[Crossref]

Moore, D. S.

D. S. Moore, “Instrumentation for trace detection of high explosives,” Rev. Sci. Instrum. 75, 2499-2512 (2004).
[Crossref]

Nagli, L.

M. Gaft and L. Nagli, “UV gated Raman spectroscopy for standoff detection of explosives,” Opt. Mater. 30, 1747-1754 (2008).
[Crossref]

L. Nagli and M. Gaft, “Raman scattering spectroscopy for explosives identification,” Proc. SPIE 6552, 65502Z (2007)

Owens, F. J.

F. J. Owens, “Calculation of energy barriers for bond rupture in some energetic molecules,” J. Mol. Struct., Theochem 370, 11-16 (1996).
[Crossref]

Palmacci, S.

C. M. Wynn, S. Palmacci, R. R. Kunz, J. J. Zayhowski, B. Edwards, and M. Rothschild, “Experimental demonstration of remote detection of trace explosives,” Proc. SPIE 6954, 695407 (2008).
[Crossref]

Ron, Y.

D. Helfinger, T. Arusi-Parpar, Y. Ron, and R. Lavi, “Application of a unique scheme for remote detection of explosives,” Opt. Commun. 204, 327-331 (2002).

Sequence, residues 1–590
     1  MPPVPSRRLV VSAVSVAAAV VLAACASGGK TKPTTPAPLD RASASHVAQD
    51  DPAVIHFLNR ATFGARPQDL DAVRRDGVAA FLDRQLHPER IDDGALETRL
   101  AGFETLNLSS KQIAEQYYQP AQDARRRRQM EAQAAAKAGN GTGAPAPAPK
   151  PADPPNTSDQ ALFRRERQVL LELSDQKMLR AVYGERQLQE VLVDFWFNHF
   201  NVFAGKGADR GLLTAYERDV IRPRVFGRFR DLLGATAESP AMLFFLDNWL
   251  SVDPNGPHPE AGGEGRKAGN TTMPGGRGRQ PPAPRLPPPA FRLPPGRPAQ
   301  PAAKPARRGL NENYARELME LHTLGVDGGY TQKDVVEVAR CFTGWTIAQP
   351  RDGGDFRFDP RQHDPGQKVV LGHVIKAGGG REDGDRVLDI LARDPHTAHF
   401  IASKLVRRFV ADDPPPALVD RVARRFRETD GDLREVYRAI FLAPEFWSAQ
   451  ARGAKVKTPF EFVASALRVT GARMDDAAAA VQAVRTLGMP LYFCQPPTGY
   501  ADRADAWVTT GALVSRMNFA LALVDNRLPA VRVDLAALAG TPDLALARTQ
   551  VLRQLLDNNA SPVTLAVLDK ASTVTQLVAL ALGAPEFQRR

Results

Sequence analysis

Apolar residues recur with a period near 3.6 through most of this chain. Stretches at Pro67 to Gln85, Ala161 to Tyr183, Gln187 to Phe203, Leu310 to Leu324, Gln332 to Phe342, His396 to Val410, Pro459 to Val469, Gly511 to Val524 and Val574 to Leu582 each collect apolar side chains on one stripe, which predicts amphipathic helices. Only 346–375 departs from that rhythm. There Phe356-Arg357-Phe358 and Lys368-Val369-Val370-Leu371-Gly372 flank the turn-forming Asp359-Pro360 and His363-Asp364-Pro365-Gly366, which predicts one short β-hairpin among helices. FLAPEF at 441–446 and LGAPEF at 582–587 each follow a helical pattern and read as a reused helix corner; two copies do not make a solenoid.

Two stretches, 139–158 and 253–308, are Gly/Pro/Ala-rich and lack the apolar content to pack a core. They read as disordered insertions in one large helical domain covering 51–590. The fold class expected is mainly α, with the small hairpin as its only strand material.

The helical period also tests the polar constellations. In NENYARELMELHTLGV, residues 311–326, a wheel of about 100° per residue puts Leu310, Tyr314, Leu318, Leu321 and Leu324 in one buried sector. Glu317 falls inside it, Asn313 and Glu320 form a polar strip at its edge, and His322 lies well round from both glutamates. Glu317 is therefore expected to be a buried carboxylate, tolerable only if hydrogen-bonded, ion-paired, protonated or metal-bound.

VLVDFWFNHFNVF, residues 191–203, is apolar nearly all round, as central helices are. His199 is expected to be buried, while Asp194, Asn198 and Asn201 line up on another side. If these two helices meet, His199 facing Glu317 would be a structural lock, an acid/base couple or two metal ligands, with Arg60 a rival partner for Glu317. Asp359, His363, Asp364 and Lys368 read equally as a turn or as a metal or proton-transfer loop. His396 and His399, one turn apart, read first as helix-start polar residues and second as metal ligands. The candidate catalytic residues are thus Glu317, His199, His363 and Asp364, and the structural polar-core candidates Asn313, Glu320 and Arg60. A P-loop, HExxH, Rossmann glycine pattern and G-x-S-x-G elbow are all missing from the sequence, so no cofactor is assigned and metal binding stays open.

[Crossref]

Rosenwaks, S.

J. Shu, I. Bar, and S. Rosenwaks, “The use of rovibrationally excited NO photofragments as trace nitrocompound indicators,” Appl. Phys. B 70, 621-625 (2000).
[Crossref]

Rothschild, M.

C. M. Wynn, S. Palmacci, R. R. Kunz, J. J. Zayhowski, B. Edwards, and M. Rothschild, “Experimental demonstration of remote detection of trace explosives,” Proc. SPIE 6954, 695407 (2008).
[Crossref]

Sausa, R.

Shu, J.

J. Shu, I. Bar, and S. Rosenwaks, “The use of rovibrationally excited NO photofragments as trace nitrocompound indicators,” Appl. Phys. B 70, 621-625 (2000).
[Crossref]

Singh, S.